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About The Norfolk weekly news-journal. (Norfolk, Neb.) 1900-19?? | View Entire Issue (July 19, 1907)
THE NORFOLK WEEKLY NEWS-JOURNAL : FRIDAY , , ULY ) 111 , 1907.
W. P. WADICK , BURLINGTON EM
PLOYE , THE VICTIM.
LL OUT , STRIKING THE TIES
rplug Blew Out and Wadlck Appar-
1Pently Tried to Escape From the
Steam by Jumping His Head Was
Crushed on the Ties.
Grand Island , Neb. , July 12. Special
to The News : W. P. Wadlck , n fire
man on the Burlington railroad resid
ing at Aurora , was killed loday by
falling from an engine ono mile east
of Abbott station.
A plug blew out and Wadlck had
evidently tried to escape from the
'learn ' when ho fell. His head struck
i the ties and his skull was crushed.
The dead man Is survived by a
l.iow and Iwo children at Aurora.
! ' SATURDAY SIFTINGS.
E. P. Olmsled was In Wayne.
C. F. Lehr of Wakefleld Is in Nor
P. J. Dover was up from Madison
Henry Stevenson of Bloomfleld Is
B. M. Young of Monowl was In the
Daniel Graham of Center was In the
T. W. Lowe of Batlle Creek was in
A. M. Koechig of Madison was in
Miss Maude Young of Monowl was
in the city yesterday.
Mrs. W. F. Thurber of Fremont was
in Norfolk over night.
H. A. Wheeler of Sumner was a
visitor in Norfolk yeslerday.
C. E. Hullon of Pierce stopped In
Norfolk yesterday on business.
Mrs. S. L. Miller and Mrs. A. Dryden -
den were in Bonesleel yeslerday.
Prank Ealon of Creighlon was in
Norfolk belween Iralns yeslerday.
Attorney James Nichols of Madison
was In Norfolk Saturday morning.
Mr. and Mrs. J. L. Weaver arrived
home lasl evening from a visit to Chi
Father Alberts went to Wayne at
Rev. Thomas Blthell left at noon
Dr. R. C. Simmons returned at noon
J. S. Mathewson relumed last evenIng -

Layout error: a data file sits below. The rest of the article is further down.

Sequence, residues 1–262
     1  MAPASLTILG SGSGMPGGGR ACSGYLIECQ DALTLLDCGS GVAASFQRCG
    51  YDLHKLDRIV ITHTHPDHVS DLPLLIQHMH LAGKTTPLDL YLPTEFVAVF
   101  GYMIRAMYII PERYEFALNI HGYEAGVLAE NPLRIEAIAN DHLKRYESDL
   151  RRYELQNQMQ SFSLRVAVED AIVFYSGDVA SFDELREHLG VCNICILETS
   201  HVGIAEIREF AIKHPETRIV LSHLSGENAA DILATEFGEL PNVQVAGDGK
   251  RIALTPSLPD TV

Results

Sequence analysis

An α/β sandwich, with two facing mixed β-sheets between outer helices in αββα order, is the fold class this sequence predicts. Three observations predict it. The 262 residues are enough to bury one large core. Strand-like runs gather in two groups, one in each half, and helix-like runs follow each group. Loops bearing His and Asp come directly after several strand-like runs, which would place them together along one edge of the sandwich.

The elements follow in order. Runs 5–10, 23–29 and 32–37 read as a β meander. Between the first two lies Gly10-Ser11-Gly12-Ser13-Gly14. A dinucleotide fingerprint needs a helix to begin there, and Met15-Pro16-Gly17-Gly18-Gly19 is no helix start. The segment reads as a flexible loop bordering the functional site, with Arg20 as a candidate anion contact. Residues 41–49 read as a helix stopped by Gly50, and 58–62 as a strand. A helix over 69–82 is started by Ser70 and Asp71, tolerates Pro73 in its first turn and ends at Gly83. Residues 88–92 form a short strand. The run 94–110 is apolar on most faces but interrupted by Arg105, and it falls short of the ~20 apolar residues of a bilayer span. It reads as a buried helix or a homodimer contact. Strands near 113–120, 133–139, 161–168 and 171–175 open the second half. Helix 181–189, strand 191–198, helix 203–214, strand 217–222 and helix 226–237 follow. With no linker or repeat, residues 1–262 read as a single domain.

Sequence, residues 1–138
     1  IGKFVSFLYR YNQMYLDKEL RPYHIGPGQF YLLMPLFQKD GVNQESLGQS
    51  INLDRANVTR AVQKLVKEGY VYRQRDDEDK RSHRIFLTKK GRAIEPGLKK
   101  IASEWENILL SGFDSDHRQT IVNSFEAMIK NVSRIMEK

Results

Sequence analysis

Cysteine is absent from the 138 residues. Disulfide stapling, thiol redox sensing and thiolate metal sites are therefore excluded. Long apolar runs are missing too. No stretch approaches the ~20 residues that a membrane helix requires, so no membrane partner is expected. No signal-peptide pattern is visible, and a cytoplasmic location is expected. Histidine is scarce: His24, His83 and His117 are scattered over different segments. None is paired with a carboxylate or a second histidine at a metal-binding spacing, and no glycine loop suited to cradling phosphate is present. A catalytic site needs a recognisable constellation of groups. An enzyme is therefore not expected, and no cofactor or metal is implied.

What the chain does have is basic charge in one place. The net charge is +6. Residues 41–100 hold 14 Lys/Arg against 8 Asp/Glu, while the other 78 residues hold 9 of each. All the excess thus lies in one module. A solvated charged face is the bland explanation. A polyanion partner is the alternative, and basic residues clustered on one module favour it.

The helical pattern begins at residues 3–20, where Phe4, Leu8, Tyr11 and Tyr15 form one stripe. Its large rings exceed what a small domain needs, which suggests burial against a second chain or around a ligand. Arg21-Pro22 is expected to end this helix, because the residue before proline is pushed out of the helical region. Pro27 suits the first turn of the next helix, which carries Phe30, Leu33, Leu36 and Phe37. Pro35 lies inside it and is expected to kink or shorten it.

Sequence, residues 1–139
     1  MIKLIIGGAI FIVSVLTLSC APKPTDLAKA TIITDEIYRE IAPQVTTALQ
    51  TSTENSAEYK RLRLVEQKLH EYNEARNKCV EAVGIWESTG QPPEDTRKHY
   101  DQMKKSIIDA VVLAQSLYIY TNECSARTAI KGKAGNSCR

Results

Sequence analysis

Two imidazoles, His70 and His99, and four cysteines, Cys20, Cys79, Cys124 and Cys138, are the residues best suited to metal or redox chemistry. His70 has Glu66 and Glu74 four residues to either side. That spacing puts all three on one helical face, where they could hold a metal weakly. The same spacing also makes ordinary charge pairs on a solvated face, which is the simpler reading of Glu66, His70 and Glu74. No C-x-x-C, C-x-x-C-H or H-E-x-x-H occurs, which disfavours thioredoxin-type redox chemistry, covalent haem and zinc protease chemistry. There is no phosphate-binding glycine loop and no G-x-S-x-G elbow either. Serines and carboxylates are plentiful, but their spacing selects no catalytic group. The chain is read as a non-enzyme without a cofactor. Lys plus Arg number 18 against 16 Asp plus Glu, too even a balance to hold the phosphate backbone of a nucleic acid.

Ing from Nellgh.
E. P. Weatherby went lo Omaha
George W. Butterfield relurned al
noon from Omaha.
Frllz Asmus has spent Ihe past
week in Kansas City.
Mrs. W. H. Person of Stanlon vis-
iled in Norfolk yesterday.
Mrs. Howard Miller of Batllo Creek
was in Norfolk yesterday.
W. M. Rainbolt arrived home yes
terclay from Gregory , S. D.
Sheriff J. J. Clements was In Nor
folk Salurday , reluming lo Madison
from Baltic Creek.
William Satller arrived in Ihe clly
at noon from Ballimore to visit his
father , H. C. Satller.
Herman Klesau leaves Monday for
a Iwo weeks' visit with his father and
molher near Decorah , Iowa.
Supreme Judge J. B. Barnes arrived
home Saturday noon from Lincoln ,
where the supreme court has been In
Mrs. F. C. Marshall returned at
noon to her home at Center. She was
accompanied home by Miss Inez and
Fritz Bucholz , who has spent the
past few weeks in No , folk with his
graudparenls , Mr. and Mrs. N. A
Ratnboll , relurned this morning to his
home In Omaha.
W. H. Johnson , who has been In
Norfolk in connection with the trans
fer of the business of the Johnson
Dry Goods company to the A. L. Kll
Han company , returned lo Denver at
Rev. J. P. Mueller left for Wausa
where he preaches Sunday at the mis
Deputy Unlled Slales Marshall John
F. Sides of Dakota Clly was in Nor
folk last night.
Mr. and Mrs. La Voile and daughter
arrived home last evening from a visit
at Missouri Valley , Iowa.
Arthur H. Krahn leaves next weel
for Chicago , where he will enter a cut
Misses Rose and Anna Sleffen , who
have been In Norfolk this summer on
n visit with their brother. Angus
Steffen , returned to St. Paul , Minn ,
leaving on the morning train.
George Williams has been buyluf
quite a number of callle between Ver
digre and Lynch around Jelen , Rutl
Knoxvllle , Plschelvlllo , Dukeville
Armslrong , Dorsey and Red Bird.
A handsome new coupe has been
purchased by Dr. P. II. Sailer.
J. A. Nix Is the lalest Norfolk man
to take his family for a camping out
ing on the Elkhorn. His camp Is a
Members of the Norfolk band hav
met with excellent success in solicit
ing funds with which to support the
summer open air concerts. Norfolk
business men , with their usual gener
osity , have contributed very liberally
v < | and the concerts are assured.
' Norfolk has five automobiles today
instead of four. Dr. H. T. Holden's
new machine , a Ford runabout , was
received yesterday. Dr. Holden's new
car is of neat design and of fifteen
horse power. It was purchased
through the C. W. Ahlman agency.
Rev. W. J. Turner , who recently re
turned from McCook , says that he has
never seen the state looking bolter as
to crop conditions than now. The
Hi-Ids of whont nml corn all through
the country south of the Platte. as
well as in northern Nebraska , appears
to bo in splendid shape.
Herman Mnl , the Northwestern sec
tion man whoso shoulder was badly
crushed by an Impact with a switch
train , Is making satisfactory progress
towards recovery. There have been